strong: $SU(3)$
__________________________
SM: $SU(3) \times SU(2) \times U(1)\, \,^*)$
__________________________
Gravitation: ?
__________________________
GUT: $G_{SM} := SU(3) \times SU(2) \times U(1) \leq G_{GUT} \; ?$
$G_{SM} \lneq G_{GUT} \Longrightarrow \textrm{ more gauge bosons }\, \,^{**})$

$^*)$ Whether you call these products of groups a "unification" (usually used), a "summary", an "extension", a "common language", a "common brace", or simply the "product of gauge groups" is a matter of common language, history, viewpoint, technical perspective, intention or personal taste. It doesn't affect the physics. The various energy levels only mean that the various "group elements" manifest / can be detected / can be observed / are needed to explain at the according energies. "Existence" has nothing to do with it. And "unification" simply means "in the product group", resp. "by the representations of the product group".

$^{**})$ If the gauge group of a model, that includes all four forces, is larger than a model, which includes less forces as the three in the SM, then there must be more group elements (math) aka more symmetries (geometry) aka more invariants (Noether) aka more gauge bosons (particle physics).

19. Apr 19, 2017

### ftr

Ok, I have a bit of gasp left.

Lets say we scatter two electrons at the electroweak unification energy,
1. Is there a theory that can predict the outcome.
2. what would the potential outcome would be as they get close to each other(although the coupling is known according to the theory). definitely not coulomb potential correct?

Last edited: Apr 19, 2017
20. Apr 19, 2017

Staff Emeritus
"We don't have a theory"
"But if we did have a theory, what would it predict?"

If we knew what it predicted, then we would have a theory.

21. Apr 19, 2017

### Staff: Mentor

Yes, it unifies the weak and electromagnetic interactions.

Because the Standard Model includes everything non-gravitational in the particle physics realm for which we have experimental evidence. We have experimental evidence for electroweak unification. We don't have experimental evidence for grand unification, which is why it isn't in the Standard Model. (If we had had such evidence when the term "Standard Model" was defined, it probably would have included grand unification. But we didn't. "Standard Model" is just a term. You can't change physics by redefining terms.)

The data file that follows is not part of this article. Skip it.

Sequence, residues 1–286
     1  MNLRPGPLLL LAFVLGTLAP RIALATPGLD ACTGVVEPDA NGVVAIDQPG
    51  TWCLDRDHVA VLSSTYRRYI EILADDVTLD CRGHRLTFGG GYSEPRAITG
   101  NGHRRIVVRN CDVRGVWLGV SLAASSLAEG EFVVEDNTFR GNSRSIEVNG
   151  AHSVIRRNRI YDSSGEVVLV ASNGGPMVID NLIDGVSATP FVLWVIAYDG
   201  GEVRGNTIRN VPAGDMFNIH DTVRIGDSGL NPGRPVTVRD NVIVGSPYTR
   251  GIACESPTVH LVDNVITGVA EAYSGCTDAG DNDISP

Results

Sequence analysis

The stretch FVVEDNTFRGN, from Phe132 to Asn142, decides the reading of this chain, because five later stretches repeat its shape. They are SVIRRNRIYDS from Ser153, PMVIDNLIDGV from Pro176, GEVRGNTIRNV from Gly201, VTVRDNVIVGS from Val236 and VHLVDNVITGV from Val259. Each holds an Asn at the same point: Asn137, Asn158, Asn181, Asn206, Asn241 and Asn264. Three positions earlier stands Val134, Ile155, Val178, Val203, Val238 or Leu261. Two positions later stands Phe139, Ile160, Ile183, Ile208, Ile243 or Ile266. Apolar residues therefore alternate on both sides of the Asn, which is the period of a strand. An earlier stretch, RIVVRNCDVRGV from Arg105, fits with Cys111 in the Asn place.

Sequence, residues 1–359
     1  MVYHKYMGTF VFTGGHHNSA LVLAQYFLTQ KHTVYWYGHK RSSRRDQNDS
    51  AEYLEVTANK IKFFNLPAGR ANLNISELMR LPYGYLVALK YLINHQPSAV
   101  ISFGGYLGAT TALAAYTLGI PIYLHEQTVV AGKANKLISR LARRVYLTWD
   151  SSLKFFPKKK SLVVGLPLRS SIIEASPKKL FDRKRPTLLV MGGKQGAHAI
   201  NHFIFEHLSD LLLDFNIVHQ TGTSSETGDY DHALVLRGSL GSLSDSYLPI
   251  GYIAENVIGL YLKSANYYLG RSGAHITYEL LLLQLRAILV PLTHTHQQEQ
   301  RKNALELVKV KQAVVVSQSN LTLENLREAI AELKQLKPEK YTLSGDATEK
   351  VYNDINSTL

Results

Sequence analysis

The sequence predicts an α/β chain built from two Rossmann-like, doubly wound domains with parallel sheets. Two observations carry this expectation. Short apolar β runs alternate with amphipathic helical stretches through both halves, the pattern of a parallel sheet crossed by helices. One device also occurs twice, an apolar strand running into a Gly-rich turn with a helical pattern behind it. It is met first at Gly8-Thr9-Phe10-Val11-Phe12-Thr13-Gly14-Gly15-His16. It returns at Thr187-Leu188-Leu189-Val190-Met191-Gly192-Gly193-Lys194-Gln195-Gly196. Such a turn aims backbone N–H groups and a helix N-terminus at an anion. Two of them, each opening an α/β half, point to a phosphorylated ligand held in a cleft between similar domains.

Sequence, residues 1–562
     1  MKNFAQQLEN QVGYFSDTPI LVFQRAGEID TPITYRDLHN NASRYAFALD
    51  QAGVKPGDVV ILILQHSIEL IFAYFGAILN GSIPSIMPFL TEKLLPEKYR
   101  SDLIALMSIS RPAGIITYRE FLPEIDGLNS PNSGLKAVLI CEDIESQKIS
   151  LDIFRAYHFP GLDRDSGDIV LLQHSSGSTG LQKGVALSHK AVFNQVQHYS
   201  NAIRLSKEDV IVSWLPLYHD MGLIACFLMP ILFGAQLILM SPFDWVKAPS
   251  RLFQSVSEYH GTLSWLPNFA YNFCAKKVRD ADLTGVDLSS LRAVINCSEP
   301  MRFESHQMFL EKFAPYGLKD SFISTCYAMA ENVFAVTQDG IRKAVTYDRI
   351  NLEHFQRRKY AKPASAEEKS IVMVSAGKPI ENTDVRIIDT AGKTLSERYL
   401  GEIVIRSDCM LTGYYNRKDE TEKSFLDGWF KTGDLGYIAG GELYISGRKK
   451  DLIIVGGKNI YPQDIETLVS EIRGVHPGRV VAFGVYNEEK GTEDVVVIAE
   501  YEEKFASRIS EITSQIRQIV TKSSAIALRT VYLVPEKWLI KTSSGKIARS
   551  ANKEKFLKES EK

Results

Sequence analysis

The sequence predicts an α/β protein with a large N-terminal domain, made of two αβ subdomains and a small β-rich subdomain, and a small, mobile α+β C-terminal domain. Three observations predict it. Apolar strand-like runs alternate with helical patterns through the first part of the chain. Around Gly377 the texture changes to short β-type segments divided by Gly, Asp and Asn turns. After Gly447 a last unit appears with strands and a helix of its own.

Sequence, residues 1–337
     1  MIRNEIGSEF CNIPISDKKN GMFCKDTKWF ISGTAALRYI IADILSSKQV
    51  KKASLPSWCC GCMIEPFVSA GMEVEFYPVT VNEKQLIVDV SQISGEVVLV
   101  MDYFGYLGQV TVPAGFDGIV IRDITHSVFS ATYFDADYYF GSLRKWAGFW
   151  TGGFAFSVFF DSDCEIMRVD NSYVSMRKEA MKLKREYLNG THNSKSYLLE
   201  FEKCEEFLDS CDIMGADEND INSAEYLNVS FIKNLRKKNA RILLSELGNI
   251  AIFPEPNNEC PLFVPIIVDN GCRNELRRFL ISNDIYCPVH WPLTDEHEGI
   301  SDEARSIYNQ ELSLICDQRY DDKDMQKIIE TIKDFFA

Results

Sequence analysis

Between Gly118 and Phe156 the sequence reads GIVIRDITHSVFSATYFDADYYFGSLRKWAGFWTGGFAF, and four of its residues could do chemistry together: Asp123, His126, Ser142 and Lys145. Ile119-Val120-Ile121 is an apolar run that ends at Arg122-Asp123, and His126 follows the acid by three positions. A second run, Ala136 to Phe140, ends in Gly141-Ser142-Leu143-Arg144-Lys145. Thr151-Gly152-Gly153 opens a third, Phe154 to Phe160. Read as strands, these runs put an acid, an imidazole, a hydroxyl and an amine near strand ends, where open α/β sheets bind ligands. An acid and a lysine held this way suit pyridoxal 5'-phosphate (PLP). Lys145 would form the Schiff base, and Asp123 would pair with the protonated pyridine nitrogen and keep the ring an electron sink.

Yes, the Standard Model does. These experiments have been done (more precisely, electron-electron scattering at high enough energies to require the full electroweak theory to make good predictions instead of just QED), and have in fact helped to pin down values for some of the electroweak interaction parameters. See, for example, here:

https://journals.aps.org/prl/abstract/10.1103/PhysRevLett.95.081601

Correct. The outcomes at these energies cannot be described by any simple central force potential.

22. Apr 20, 2017

### ftr

After reading quite a bit I think I understand(maybe not that well) why they had to go for the electroweak, it is the original parity violation for the conjectured W particle.

23. Apr 20, 2017

### Staff: Mentor

Weak interactions are the ones for which parity violation occurs, yes. But when those violations were first discovered, nobody had hypothesized W particles, AFAIK. When the first experiments that discovered parity violation were done, the only theory known for the weak interaction was the Fermi theory, which was not a gauge boson theory at all.

AFAIK there was never a gauge boson theory developed for the weak interaction by itself; it turned out that the first gauge boson theory that was found to describe the weak interaction was electroweak theory. In other words, it turned out that explaining the parity violation led us to electroweak unification, without anyone (AFAIK) having anticipated that.

24. Apr 20, 2017

Staff Emeritus
It was almost simultaneous. The Wu experiment was performed in June, 1957 and published in September. The Lee/Yang paper hypothesizing the W ("Possible Nonlocal Effects in muon Decay" was received in August and published in December (whoops, I originally wrote September. That's wrong). The unification paper came a decade later in 1967.

Last edited: Apr 21, 2017
25. Apr 21, 2017

### dextercioby

Nice historical touch. This is useful to know for any physicist who should respect his predecessors.